“Tha Carter IV” Sells A Million, Lil Wayne Ascends The Throne

09.08.11 6 years ago 85 Comments

Looks like Lil Wayne’s Tha Carter IV may have cracked a million in first week sales, although it depends on which source is to be trusted. HitsDailyDouble has the count at 1,000,690 while the AP’s reporting the official Soundscan numbers to be 964,000. Either way, Wayne and YMCMB sold a sh*t-ton of records, but what does it mean? And how did it happen in an industry that’s reportedly having a harder time than ever to convince people to pay cash for albums?

It means Lil Wayne’s the new prom king.

I’m not a tremendous believer in the illusion of first week sales. Still, Wayne’s accomplishment isn’t some petty sales number. While the industry has been beset by sales slumps in recent years, Wayne’s retail rush rolls on with all cylinders firing. 2008’s Tha Carter III sold a million first week and both of Weezy’s 2010 releases – Rebirth and the I Am Not A Human Being EP – performed moderately well for what they were, a prison release and experimental rock album.

Now, Louisianimal comes through and does the unthinkable again with a full-length rap album. Lady Gaga hails as the only other artist in 2011 to sell more in one week but her sales deserve a huge asterisk since Amazon bit the bullet and sold 400K digital copies at a reduced rate. Also, Weezy reportedly broke the iTunes first-week album sales record in four days, a mark most recently set a few weeks ago by Kanye & Jay, né The Throne, shelled out 400K copies of WTT.

Take a quick glance at a few of Wayne’s pop culture contemporaries’ first week numbers to we see that Weezy literally does reign supreme at retail and does so by a landslide. On the female side, Katy Perry sold approximately 190K copies of her 2010 album, Teenage Dream and Beyonce’s 4 sold around 300K this past June. Fellow rapper Eminem’s Recovery dropped in June 2010 and raked in 740K copies, which is close but still falls short. Wayne’s on a commercial plateau only occupied by himself and the equally enigmatic Gaga.

The biggest question remains how did YMCMB’s leading man pull this off?

In an interview on Sway‘s Shade45 radio show, Birdman quickly shot down the notion he purchased copies to pad the numbers. Singing the same tune, YM president Mack Maine said their camp wasn’t even concerned with first week sales, but rather the long haul.

“[Wayne] actually told us if he don’t do those same numbers again as C3 don’t be mad,” Mack admitted.

“I said this before,” he shared. “I told Nicki—she was kinda nervous about her first-week sales—I said, ‘First week sales don’t matter.’ I’d rather my final sales matter. I know albums from Juvenile 400 Degreez to Beiber’s first album sold 20, or 30,000 the first-week and went onto sell 2 million one album then 6 million on another album. I saw Gaga did the 99 cent thing [and] then [her] second-week it did like 175,000. Congratulation as it relates to her. With Wayne, I don’t want him to sell a million the first-week, [and] then drop to 100,000 the next week then 50,00 the following week. I’d rather sell ten times platinum total.” [XXL]

As we were watching his sales soar late last week, I asked one my smarter friends for his informed take on TC4’s sales.

“At the end of the day, Wayne is the biggest rap artist in the game. Weezy appeals to women, children, and heads who still think he’ll say some genius shit! IF he touches a million first week, it looks like it’ll happen without any stunts and actually be a legit number. “How To Love” is over 100M in audience and #1 at both Urban and XOVER formats, Top 10 @ Top 40. “She Will” is growing rapidly at radio. And now this song “Mirrors” with Bruno Mars is taking off at iTunes as well.”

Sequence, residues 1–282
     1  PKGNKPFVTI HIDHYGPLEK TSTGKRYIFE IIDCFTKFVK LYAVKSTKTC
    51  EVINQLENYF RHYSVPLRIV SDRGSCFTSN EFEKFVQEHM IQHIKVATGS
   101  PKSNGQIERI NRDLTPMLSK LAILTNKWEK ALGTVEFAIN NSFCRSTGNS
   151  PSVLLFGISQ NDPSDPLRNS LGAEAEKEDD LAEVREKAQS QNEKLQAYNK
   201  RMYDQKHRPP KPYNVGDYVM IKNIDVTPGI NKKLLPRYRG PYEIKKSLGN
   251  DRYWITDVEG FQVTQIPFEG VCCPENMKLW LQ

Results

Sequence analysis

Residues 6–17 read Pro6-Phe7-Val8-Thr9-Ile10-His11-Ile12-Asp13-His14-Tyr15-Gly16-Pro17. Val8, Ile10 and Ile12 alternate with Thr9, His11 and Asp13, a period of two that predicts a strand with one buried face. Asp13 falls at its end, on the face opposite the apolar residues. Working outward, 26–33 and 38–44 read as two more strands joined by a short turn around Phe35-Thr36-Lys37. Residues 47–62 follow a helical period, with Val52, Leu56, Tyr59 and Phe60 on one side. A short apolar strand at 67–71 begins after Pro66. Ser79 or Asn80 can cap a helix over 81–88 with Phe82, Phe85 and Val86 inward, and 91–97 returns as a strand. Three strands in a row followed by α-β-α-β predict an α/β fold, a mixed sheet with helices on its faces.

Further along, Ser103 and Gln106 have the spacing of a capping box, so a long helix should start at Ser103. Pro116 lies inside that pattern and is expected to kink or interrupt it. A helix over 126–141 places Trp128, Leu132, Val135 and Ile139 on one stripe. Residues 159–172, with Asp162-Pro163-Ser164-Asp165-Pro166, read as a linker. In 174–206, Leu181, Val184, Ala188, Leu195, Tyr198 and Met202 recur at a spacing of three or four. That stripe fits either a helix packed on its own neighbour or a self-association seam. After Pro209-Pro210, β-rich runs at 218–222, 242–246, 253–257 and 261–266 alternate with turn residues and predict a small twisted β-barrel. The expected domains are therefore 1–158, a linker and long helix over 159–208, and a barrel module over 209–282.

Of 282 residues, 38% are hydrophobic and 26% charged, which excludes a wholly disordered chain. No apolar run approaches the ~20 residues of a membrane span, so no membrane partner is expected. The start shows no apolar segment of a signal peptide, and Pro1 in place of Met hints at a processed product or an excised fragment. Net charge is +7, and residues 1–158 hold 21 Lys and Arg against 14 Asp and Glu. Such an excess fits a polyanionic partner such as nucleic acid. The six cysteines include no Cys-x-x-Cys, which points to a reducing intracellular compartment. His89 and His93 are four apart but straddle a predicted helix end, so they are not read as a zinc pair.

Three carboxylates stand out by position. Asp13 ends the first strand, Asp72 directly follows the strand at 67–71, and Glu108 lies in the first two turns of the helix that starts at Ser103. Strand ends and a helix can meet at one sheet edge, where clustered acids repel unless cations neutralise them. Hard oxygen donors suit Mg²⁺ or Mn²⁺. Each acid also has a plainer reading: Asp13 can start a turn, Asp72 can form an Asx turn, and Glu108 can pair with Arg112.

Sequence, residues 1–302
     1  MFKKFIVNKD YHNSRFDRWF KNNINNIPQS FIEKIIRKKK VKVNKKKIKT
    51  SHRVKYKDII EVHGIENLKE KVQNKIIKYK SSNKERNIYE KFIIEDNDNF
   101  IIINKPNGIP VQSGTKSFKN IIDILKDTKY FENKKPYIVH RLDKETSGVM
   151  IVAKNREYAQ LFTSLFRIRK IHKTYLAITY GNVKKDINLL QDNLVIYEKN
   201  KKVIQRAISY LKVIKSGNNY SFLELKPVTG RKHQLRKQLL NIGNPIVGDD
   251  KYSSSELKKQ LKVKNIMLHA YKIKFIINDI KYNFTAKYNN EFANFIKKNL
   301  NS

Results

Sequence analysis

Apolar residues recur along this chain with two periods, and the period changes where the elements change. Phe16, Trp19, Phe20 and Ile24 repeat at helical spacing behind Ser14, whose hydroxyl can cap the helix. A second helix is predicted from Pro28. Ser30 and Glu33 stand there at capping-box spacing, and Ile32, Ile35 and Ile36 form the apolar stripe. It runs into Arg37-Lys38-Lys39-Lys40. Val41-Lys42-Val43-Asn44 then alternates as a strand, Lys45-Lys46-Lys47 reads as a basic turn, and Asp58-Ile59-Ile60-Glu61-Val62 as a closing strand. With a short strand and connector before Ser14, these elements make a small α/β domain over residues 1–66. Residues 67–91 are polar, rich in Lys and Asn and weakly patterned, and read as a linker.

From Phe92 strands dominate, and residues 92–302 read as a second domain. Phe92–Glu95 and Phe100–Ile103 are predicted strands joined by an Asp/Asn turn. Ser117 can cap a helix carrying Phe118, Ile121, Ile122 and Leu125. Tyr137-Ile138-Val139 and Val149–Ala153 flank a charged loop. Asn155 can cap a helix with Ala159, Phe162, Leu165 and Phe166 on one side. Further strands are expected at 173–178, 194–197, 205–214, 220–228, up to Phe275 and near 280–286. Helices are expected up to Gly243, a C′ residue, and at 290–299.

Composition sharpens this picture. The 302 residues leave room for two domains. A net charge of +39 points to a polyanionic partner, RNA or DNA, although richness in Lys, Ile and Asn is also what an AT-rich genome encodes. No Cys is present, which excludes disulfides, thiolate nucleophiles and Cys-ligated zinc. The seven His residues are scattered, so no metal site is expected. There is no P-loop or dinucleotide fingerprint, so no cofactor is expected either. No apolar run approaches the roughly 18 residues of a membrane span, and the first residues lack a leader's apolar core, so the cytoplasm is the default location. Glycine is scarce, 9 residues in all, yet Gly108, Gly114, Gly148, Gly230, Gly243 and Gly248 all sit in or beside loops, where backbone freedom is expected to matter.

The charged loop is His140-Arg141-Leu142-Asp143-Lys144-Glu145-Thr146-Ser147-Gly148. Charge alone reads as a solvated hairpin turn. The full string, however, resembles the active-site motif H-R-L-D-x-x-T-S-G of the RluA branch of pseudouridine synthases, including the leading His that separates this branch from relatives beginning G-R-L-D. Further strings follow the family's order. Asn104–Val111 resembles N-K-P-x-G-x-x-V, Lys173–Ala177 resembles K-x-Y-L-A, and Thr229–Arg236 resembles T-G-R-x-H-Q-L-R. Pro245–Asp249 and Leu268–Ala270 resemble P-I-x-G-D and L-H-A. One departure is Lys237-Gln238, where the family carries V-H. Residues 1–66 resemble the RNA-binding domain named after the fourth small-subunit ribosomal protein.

Selling additional copies outside of week one may be hard once the first batch of buyers tell others how vapid the album is. TC4 isn’t Wayne’s best work and most people seem to agree. When myself and others did the roundtable review for Complex’s “What’s The Consensus,” only one entry ranked it over 3.5 out a possible 5. The 4.5 was given by Karen Civil, who was completely upfront about her “favoritism” and, subsequently, the album was given a 3 out of 5 in a later review on her site. Smart money says the cash Baby saved on not buying copies will have to be used to pay for a few favorable reviews.

Still, if no one’s praising the album, how the hell did Dwayne clock the sales figures he amassed?

Wayne’s the prom king.

That’s the only explanation I have until the 900K+ people step forward and explain why they copped the album. Maybe they believe in his work due to his previous efforts. Dwayne has been recording since he was an adolescent and gained a legit fanbase over the course of his career. His Carter series sells well because people are familiar with the brand and still hope to hear the syrup-sipping, weed-blowing madman who propelled himself to greatness from the Sqad up mixtapes leading into the first Carter. The past incarnation of Wayne isn’t here now but people still show up to whenever Weezy F. throws a party because he’s held a few pretty intense bashes throughout his career.

The truth is Wayne’s the rap Tim Tebow. Loved by many, hated by an equal opposite. Rudimentary mechanics which are often criticized but still managing to produce results. A much lauded work ethic matched with the ability to garner crazy sales results. Dwayne Carter’s neither “the greatest rapper alive” nor a lyrical legend at this point. He’s just insanely popular for the right now as he has been for a while. And I can’t imagine the outfits he and his date, Lady Gaga, are going to wear to the prom.

I’m just wondering which one will don the jeggings.

Previously: Best Rapper Alive?: The 15 Most Absurd Lyrics From Lil Wayne’s Tha Carter IV

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